YOKOHAMA, Japan -- Nissan Motor Co. reported a 15 percent drop in operating profit in the latest quarter as foreign exchange losses, falling revenue and rising incentives sapped earnings.
Operating profit declined to 163.51 billion yen ($1.40 billion) in Nissan's fiscal third quarter ended Dec. 31, Corporate Vice President Joji Tagawa said Thursday while announcing results.
Net income increased 3.5 percent to 131.73 billion yen ($1.13 billion) in the October-December period, from a year earlier. Nissan attributed the rise partly to increased income from equity and earnings from affiliated companies, such as Nissan's Chinese joint venture, and a one-time expense in the same quarter of the previous year that depressed results then.
Worldwide revenue decreased 2.2 percent to 2.94 trillion yen ($25.29 billion) in the quarter as global retail sales advanced 8.3 percent to 1.38 million vehicles.
Tagawa said Nissan's core auto performance in the quarter remained strong but that earnings results were dented largely by the appreciation of the Japanese yen. Shifting foreign exchange rates cut some 81.6 billion yen ($699.1 million) off operating profit in the fiscal third quarter.
Operating profit margin came to 6.7 percent at the end of the third quarter, still distant from CEO Carlos Ghosn's Power 88 midterm business plan goal. It targets a global operating profit margin of 8 percent and an 8 percent market share by March 31, 2017.
But in October Ghosn told Automotive News Europe sister publication Automotive News that his company was unlikely to get to 8 percent by next spring because foreign exchange rates are sapping earnings.
Ghosn is fighting fluctuating exchange rates that have battered earnings across the board at Japanese automakers this year. But other uncertainties loom for Japan's No. 2 carmaker, including the effect of trade policy under U.S. President Donald Trump and the integration of former rival Mitsubishi Motors Corp. into the Nissan's alliance with French partner Renault.
Nissan finalized its purchase of a controlling 34 percent stake in Mitsubishi last October and appointed Ghosn its chairman. At the time, Ghosn forecast nearly half a billion dollars in savings as soon as the next fiscal year as the group joins a club of automakers operating at a massive scale.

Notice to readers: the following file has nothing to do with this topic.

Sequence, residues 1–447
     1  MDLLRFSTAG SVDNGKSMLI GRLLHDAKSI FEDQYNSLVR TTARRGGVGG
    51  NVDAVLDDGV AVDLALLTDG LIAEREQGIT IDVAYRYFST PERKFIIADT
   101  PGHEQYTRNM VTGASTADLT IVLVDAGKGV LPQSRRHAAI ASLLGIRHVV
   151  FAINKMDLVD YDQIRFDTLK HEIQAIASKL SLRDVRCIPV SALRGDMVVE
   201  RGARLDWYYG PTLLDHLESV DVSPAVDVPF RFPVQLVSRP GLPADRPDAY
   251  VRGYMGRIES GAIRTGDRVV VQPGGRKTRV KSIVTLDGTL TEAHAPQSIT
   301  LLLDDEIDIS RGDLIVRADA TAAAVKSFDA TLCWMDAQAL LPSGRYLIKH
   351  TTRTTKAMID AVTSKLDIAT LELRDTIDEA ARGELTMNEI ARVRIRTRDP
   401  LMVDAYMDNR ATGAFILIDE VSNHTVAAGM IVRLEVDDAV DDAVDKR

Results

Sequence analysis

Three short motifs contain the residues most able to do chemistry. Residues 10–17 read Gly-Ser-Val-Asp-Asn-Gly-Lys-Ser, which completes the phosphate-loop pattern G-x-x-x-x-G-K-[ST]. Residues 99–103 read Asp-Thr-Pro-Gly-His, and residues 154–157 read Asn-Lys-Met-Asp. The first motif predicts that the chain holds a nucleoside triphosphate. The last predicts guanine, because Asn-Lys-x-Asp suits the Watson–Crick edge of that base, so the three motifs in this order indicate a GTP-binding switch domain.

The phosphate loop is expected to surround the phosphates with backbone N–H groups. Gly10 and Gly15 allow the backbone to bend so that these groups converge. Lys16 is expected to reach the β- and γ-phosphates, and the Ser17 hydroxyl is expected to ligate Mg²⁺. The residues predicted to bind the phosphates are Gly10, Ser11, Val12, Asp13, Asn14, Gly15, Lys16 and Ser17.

On Feb. 8, the Renault-Nissan alliance said its worldwide sales surged to 9.96 million vehicles in calendar year 2016, including some 934,013 units from Mitsubishi.
Mitsubishi's purchase pushed the global alliance's sales 17 percent higher in 2016. Without including the smaller Japanese carmaker, the alliance's sales have advanced just 6 percent.
Nissan is also especially sensitive to any changes in U.S. trade policy as Trump considers a tariff on vehicles from Mexico and a border adjustment tax imports from elsewhere.
Nissan imports about 42 percent of the vehicles it sells in the U.S. but is even more vulnerable to a Mexico tariff. Nissan sources about 22 percent of its U.S. volume south of the Rio Grande.
Despite uncertainty about trade and Mexico in particular, Tagawa said Nissan will go ahead with its plans to start producing Infiniti brand luxury vehicles at a new plant that will open this year in Mexico. That plant is being jointly operated together with Daimler.
If trade policies or regulations change in the U.S., Nissan will "comply accordingly," he said.
North American profit was hit especially hard by swinging foreign exchange rates, especially the yen's appreciation against the Mexican peso and Canadian dollar.
The dollar's appreciation against other currencies also hurt. Together, swinging currencies cut about 70 billion yen ($599.7 million) off regional operating profit in the fiscal third quarter alone.
As a result, North America operating profit tumbled 72 percent to 26.90 billion yen ($230.5 million) in the period. North American retail volume increased 7.9 percent to 534,000 vehicles, while U.S. sales advanced 5.2 percent to 381,000 vehicles in the three-month period.
Nissan's North American operating profit was further undercut by rising incentives and higher outlays to cover falling residuals on cars coming off lease, Tagawa said.
"Used car prices are falling. As a result, residual value of lease cars is deteriorating," he said. "And on top of this, non-performing debts are deteriorating. So overall, in the North American operation in the third quarter, we see a deterioration in particular."
Nissan has also been struggling to keep up with the market shift toward more profitable light trucks, away from thinner-margin cars. Nissan is more heavily weighted toward passenger cars than its direct rivals, and incentives on those cars are typically higher than they are for trucks.
Nissan derived about 49 percent of its U.S. sales from trucks last year, while the trucks account for about 61 percent of overall market volume.
Nissan aims to turn that around in the fiscal second half by strengthening its light truck lineup through the recent launch of the Titan half-ton pickup and redesigned Armada SUV.
"In the fourth quarter, we are considering several countermeasures and we believe things will be better than we see today," Tagawa said of the North American business.
In Europe, sales increased 4 percent to 180,000 units, while the regional operating loss narrowed to 8.4 billion yen ($72.0 million) from a loss of 10.8 billion yen ($92.5 million) a year earlier.